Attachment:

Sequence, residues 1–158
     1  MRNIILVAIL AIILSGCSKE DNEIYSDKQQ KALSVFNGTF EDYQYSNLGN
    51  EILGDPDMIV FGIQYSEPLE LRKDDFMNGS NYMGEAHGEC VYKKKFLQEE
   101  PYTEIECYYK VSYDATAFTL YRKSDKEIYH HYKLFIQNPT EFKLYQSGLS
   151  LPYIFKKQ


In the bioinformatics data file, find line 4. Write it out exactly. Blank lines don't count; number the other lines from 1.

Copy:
   101  PYTEIECYYK VSYDATAFTL YRKSDKEIYH HYKLFIQNPT EFKLYQSGLS